Murdered journalist praised for stand against LVF
Murdered journalist praised for stand against LVF

Journalist Martin O’Hagan was gunned down in the street for exposing the drug-dealing activities of a unionist paramilitary gang, an inquest has heard.

The 51-year-old Sunday World reporter was shot three times as he walked home hand-in-hand with his wife from a pub in Lurgan, County Armagh.

More than five years later the killers have not been charged, although a senior PSNI police officer told the inquest in Armagh yesterday that he was satisfied eight unionists linked to the Loyalist Volunteer Force (LVF) were responsible.

Coroner John Leckey said he was satisfied with the police theory that the murder was related to O’Hagan’s investigative journalism in relation to the LVF in the mid-Ulster area.

Branding the LVF a sinister organisation, he also said a number of newsagents in the area had stopped selling the Sunday paper after being threatened.

Mr Leckey said Mr O’Hagan and others were “bravely seeking to expose criminals, and sometimes with dreadful prices paid”.

“Their bravery needs to be recognised,” said Mr Leckey.

The murdered journalist’s wife Marie said they had been walking home through Lurgan when she noticed a car slowing beside them.

She said her husband pushed her into a hedge and she heard a number of shots.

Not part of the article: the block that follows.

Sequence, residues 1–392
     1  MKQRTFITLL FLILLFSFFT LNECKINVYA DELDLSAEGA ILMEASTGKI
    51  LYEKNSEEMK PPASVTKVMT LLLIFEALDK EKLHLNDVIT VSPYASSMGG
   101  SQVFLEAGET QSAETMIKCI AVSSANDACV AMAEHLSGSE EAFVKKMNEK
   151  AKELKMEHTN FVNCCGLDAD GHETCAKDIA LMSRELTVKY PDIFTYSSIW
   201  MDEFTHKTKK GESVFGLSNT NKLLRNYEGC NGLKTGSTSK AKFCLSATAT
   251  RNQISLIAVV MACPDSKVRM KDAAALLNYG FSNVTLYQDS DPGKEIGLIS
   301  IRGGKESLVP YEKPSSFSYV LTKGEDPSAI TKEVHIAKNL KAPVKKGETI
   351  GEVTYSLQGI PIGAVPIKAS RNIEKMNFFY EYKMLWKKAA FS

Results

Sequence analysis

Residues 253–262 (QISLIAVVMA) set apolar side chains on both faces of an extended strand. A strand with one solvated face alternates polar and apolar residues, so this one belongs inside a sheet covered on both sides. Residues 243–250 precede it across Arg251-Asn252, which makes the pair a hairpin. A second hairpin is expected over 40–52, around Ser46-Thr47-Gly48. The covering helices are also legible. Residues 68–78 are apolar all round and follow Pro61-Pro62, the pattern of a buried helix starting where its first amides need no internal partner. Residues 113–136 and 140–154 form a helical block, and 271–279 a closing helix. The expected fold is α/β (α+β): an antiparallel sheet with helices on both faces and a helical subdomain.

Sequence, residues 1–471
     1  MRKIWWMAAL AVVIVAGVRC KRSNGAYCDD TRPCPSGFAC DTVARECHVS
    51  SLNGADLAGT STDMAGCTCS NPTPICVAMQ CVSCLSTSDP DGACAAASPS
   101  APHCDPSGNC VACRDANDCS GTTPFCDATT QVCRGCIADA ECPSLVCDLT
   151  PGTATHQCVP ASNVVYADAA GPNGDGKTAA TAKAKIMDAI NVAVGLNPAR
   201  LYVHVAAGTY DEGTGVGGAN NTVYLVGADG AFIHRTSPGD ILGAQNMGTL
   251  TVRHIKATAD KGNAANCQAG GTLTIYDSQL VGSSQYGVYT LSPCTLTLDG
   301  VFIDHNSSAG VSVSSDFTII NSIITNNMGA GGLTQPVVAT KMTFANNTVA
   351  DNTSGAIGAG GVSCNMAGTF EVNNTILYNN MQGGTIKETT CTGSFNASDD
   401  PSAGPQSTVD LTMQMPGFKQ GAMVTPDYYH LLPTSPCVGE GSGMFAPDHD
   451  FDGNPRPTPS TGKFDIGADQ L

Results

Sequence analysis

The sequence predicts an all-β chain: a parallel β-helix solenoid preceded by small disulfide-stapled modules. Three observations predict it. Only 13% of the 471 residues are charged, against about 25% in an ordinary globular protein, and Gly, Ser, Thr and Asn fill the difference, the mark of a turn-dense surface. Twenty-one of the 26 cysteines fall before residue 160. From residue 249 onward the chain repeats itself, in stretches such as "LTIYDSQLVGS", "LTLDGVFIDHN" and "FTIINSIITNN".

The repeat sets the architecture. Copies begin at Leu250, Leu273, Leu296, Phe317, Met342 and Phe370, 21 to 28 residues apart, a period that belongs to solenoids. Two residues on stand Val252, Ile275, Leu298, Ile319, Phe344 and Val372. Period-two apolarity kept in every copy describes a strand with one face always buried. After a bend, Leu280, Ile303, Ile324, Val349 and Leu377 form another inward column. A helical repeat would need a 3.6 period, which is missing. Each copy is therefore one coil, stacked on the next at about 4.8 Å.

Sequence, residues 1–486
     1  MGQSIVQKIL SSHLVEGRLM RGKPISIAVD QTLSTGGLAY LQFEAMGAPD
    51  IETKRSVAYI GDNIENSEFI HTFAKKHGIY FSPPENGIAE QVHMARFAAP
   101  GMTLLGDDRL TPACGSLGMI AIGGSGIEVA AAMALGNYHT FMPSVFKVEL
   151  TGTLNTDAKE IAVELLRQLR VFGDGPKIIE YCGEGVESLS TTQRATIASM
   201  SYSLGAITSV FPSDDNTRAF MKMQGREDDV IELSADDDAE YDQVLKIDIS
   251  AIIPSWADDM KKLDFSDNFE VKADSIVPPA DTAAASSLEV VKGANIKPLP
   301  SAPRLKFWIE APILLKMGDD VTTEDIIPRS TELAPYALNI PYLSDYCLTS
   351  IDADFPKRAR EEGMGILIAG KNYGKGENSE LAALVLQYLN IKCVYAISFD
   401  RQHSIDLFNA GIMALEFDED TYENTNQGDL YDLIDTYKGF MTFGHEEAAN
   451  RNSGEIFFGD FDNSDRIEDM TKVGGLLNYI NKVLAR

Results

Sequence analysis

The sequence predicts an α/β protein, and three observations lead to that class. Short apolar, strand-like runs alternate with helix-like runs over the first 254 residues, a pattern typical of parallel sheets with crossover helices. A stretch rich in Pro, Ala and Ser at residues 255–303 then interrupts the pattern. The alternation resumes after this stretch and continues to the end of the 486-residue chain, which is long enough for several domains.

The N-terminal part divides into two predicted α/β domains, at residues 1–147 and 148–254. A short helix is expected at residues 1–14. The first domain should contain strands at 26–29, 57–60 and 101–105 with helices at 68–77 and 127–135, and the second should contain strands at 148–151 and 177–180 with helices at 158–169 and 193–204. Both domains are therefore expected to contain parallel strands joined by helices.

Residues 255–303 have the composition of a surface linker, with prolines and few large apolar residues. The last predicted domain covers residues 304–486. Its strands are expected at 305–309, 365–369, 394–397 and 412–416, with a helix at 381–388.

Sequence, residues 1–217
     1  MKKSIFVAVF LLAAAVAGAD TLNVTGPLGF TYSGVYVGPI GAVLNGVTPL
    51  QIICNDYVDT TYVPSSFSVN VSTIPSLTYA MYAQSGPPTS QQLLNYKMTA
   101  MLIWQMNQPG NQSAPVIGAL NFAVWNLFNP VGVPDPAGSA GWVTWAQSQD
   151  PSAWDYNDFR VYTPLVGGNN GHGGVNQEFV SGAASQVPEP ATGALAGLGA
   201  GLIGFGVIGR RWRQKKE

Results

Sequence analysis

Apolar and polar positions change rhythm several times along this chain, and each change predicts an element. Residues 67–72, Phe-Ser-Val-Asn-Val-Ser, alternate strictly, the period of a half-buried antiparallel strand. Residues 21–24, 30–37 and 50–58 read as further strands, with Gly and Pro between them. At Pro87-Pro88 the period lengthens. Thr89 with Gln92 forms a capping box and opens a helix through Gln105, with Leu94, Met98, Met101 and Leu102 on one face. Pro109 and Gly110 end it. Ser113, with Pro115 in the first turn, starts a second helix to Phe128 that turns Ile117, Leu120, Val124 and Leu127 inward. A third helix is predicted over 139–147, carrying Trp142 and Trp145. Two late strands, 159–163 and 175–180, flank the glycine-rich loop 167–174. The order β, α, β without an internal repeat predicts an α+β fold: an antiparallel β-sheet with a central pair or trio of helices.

She turned and his last words to her as he slumped to the ground were: “Marie, get an ambulance.”

Mrs O’Hagan said she ran to her nearby house and got one of her children to make the call. “I ran back and Martin was lying on his back. I knelt down to speak to him, he seemed unconscious. I continued talking to Martin but got no response.”

Mrs O’Hagan said in the early 1990s her husband had been forced to move to his newspaper’s Dublin office because of threats against him. She had remained in Lurgan and he returned to her after a “ceasefire” was announced by the LVF and related organisations.

PSNI Chief Inspector Charles Patterson told the inquest Mr O’Hagan’s killers walked the streets freely despite him being certain who was responsible.

He said the inquiry was alive but was not actively being worked on and he did not have enough evidence to bring charges.

Jim McDowell, northern editor of the Sunday World, called for the review of the case to be held urgently: “It should be thorough and done with vigour and rigour.”

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© 2006 Irish Republican News